A light spinning outfit is perfect for catching mackerel with sabiki flies.


Knowing how to catch kahawai is important. With their strong vibrations and stamina, they make great live baits. Using bigger kahawai live baits attracts larger kingfish and avoids hooking smaller ones.

There will be days when catching kahawai is easy. Some days they’ll grab any lure or bait that hits the water, or scoff anything that’s remotely edible in the berley trail. But at other times they seem to be a completely different animal – possibly even vegetarian!

The most common mistake anglers make is using lures that are too big, especially when kahawai are chasing small baitfish like anchovies, juvenile pilchards or whitebait.


It pays to ‘match the hatch’, as kahawai become very focused on their diminutive prey and ignore anything larger and, to a lesser extent, different in colour. It’s best to use streamlined lures in naturalistic colours weighing 14-28g.

Which is great – an opportunity to tie on a small spinner, jig or soft plastic to a light soft-bait rod for some bait-catching fun!

Avoid metal jig/spinners armed with a rear-mounted treble hooks, especially barbed trebles, as they can be difficult to remove from the fish. Instead, use a lure armed with a straight (un-kirbed) single hook, or else an assist rig connected to the lure’s wire loop at the top.

Cast the lure towards the activity, lower the rod tip so it points along the line, and start cranking the lure back at a smart pace – you’d be surprised how fast kahawai can swim and take a lure!

Small lures work best when fish are feeding on small bait.


This bait-catching guide wouldn’t be complete without tips for catching koheru, as they are hands down the best bait for kingfish! (koheru should not be confused with the similarlooking yellowtail mackerel. Koheru have a rounder body profile and bright blue/emerald-gold colouration on their upper body rather than a yellowtail’s browny-yellow.)

Although koheru are often caught in the berley using small stray-lined-baits, I find a tiny jig can be even better.

My favourite koheru jig has been the Little Jack Sharasu in 5-8g weights, but they are hard to source these days, so a small 7g Grim Reaper (its treble hook replaced with a suitable single) or 14g Ocean Angler Flea do the same job, especially silvery ones incorporating pink or blue.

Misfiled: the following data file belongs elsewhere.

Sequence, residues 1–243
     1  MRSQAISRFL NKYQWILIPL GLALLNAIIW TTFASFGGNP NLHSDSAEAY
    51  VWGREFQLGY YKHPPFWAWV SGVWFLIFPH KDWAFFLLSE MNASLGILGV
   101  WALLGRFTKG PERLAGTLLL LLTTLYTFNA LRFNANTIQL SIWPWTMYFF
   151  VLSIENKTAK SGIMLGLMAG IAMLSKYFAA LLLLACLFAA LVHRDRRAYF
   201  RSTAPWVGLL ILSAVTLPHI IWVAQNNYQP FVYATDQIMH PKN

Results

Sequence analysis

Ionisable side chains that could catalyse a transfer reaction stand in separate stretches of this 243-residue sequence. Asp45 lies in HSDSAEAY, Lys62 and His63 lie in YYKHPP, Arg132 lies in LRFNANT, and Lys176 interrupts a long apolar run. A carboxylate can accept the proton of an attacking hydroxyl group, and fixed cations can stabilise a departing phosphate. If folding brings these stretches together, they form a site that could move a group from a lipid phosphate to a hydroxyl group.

Koheru are strong little fish, fighting just like small tuna, so 4-6kg tackle is recommended. Take too long to boat them and you risk them ripping off or being eaten by bigger fish!

When you spot these in the berley trail (try exploring with your jig underneath the berley trail if they are not visible), make just the tiniest lifts and drops (yo-yos) with the rod tip to animate the lure. You’ll understand why when you see a bunch of koheru flashing as they rise and fall in unison with your lure until one hooks up!


When koheru, mackerel, piper, trevally or kahawai are swimming around in the berley trail, a lightly weighted or unweighted bait is hard to beat for effectiveness.

Wind in steadily to attract further mackerel without too many tangles.


Tailor the hook and bait size, along with the trace-line thickness, to the size of the baitfish;

• Try to use pale or silver-coloured baits, so it’s easier to see them ‘wink out’ on the edge of visibility, signalling they have been eaten. Time to set the hook;

• Ensure the bait drifts down among the other tempting morsels as naturally as possible; on windy days adding a small amount of weight actually helps achieve this;

• Using circle hooks will help avoid deep-hooking kahawai; half a pilchard hooked once through the eyes will do the job, or a small squid hooked through the top of the mantle.


SOFT-BAITS: Heavier jig-heads (at least 1/2oz) stay in the water better during fast retrieves. The hooks should accommodate 4-5” baits with the hook point positioned close to the soft-bait’s body.

Winding soft-baits a bit more slowly and erratically will catch kahawai, but a fast crank is more reliable. TROLLING: When bait schools are scattered and/or holding in midwater, try using a paravane with a small 2-2.5” chrome spinner or spoon attached. This technique has the added bonus of accounting for the odd good snapper, too! BNZ

N.B. Trolling spinner-type lures can badly twist the line over time. A small ball-bearing swivel tied 45-60cm away from the lure will reduce this problem.